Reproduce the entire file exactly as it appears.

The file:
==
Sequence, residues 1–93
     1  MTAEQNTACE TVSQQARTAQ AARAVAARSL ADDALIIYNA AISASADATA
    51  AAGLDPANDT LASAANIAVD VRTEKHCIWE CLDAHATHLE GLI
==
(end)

Sequence, residues 1–93
     1  MTAEQNTACE TVSQQARTAQ AARAVAARSL ADDALIIYNA AISASADATA
    51  AAGLDPANDT LASAANIAVD VRTEKHCIWE CLDAHATHLE GLI